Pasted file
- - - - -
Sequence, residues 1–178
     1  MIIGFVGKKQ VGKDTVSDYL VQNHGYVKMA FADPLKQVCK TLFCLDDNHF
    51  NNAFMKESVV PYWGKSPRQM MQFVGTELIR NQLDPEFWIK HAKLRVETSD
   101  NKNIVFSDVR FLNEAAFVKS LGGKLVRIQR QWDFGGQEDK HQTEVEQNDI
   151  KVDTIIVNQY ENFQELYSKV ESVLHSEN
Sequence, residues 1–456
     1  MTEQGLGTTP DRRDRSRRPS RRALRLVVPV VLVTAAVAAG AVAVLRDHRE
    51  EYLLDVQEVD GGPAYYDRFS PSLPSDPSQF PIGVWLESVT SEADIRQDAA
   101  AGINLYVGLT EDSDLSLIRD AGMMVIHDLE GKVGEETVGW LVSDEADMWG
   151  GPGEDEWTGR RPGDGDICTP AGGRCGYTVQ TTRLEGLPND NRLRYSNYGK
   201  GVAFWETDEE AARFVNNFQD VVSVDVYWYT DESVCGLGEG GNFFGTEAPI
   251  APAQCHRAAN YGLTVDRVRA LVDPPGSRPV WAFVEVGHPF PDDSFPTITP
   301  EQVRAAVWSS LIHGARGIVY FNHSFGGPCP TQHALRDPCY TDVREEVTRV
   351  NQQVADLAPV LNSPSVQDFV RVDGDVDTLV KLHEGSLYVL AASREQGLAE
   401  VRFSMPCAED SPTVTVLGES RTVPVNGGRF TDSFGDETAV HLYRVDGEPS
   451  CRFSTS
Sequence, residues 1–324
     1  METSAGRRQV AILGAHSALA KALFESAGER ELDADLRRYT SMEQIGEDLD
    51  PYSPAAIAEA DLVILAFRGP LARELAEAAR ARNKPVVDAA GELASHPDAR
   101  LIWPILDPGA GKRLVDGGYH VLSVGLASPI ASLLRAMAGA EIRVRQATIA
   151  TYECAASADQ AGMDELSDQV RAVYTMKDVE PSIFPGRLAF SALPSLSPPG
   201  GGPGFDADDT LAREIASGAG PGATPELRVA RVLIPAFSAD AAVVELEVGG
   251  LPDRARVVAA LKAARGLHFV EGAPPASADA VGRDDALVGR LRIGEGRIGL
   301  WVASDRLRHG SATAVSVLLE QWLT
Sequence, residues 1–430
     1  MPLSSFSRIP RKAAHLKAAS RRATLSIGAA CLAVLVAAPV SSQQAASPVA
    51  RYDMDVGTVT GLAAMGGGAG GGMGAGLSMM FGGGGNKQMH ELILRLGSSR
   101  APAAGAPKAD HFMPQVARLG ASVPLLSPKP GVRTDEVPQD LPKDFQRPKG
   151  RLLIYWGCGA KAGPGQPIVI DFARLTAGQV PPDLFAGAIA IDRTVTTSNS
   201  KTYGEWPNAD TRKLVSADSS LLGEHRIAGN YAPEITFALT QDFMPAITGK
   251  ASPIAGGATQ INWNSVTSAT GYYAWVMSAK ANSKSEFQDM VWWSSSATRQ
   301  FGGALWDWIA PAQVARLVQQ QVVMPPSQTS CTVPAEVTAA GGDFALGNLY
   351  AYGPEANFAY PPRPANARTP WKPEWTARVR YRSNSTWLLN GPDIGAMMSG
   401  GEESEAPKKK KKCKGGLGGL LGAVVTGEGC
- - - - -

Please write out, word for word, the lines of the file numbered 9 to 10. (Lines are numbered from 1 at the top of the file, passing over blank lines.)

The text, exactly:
   101  AGINLYVGLT EDSDLSLIRD AGMMVIHDLE GKVGEETVGW LVSDEADMWG
   151  GPGEDEWTGR RPGDGDICTP AGGRCGYTVQ TTRLEGLPND NRLRYSNYGK